Dedications: My four late friends Rory, Stan, Bryan, Jeff - shine on you crazy diamonds, they would have blogged too. Then theres Garry from Brisbane, Franco in Milan, Mike now in S.F. / my '60s-'80s gang: Ned & Joseph in Ireland; in England: Frank, Des, Guy, Clive, Joe & Joe, Ian, Ivan, Nick, David, Les, Stewart, the 3 Michaels / Catriona, Sally, Monica, Jean, Ella, Anne, Candie / and now: Daryl in N.Y., Jerry, John, Colin, Martin and Donal.

Sunday, 31 July 2011

Guess who's coming out at dinner ?

LOOSE CANNONS. Ferzan Ozpetek’s 2010 Italian comedy of manners and sexual mores is a very pleasant movie as we follow Tommaso (Riccardo Scamarcio) returning to his Italian town Lecce where his parents have a pasta factory. Tomasso wants to come out as gay so he can return to Rome and continue trying to be a writer. He confides his intentions to his older brother, Antonio (Alessandro Preziosi) who helps their father at the factory, but at the dinner Antonio gets in first and makes his own coming out speech to the assembled gathering. The homophobic father of course has a seizure, which puts paid to Tommaso’s plans as he now has to stay at the factory in place of the banished Antonio.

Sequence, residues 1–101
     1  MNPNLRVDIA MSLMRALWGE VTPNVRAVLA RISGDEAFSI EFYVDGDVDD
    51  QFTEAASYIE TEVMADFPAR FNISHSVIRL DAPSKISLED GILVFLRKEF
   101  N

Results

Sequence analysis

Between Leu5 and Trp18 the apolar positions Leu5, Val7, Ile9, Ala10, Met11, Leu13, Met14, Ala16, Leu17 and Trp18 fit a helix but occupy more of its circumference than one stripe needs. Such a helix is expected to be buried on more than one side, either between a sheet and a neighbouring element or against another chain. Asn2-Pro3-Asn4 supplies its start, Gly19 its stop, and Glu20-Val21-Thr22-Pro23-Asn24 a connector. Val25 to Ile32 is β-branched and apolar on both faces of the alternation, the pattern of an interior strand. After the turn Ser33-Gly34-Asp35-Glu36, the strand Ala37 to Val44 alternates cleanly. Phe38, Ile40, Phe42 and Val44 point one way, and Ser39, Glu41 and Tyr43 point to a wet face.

LOOSE CANNONS carries itself with the sort of casual grace we’ve come to expect from the best of European gay cinema: it is aesthetically a close relative of the less punky Almodóvar films, and in its shifting tone and large cast of characters it is not unlike François Ozon’s 8 WOMEN.

This is an amusing satire on small town life and the parents’ fear of what the neighbours will think. The extended family include their sister who already knew their secret, the wise grand-mother, Ilaria Occhini – the best performance – and their oddball aunt. Then there is Alba (Nicole Grimaudo) the daughter of their proposed business mere who has feelings of her own. It all reminded me of I AM LOVE at the start with the wealthy family and their servants coming together for the family meal at their luxurious home. More amusing incidents follow when Tommaso’s three friends arrive with his partner Marco – and they have to tone down their camp mannerisms to fit in with the family. Things all work out to a nice conclusion, as the family get together again at a funeral, so it’s a rather feel-good movie. It also features perhaps the most fabulous suicide in all of cinema. The parents' homophobia (the mother wants him to be "cured") is treated for laughs, but it would be a problem for a family business if the sons are not going to have children and heirs ?

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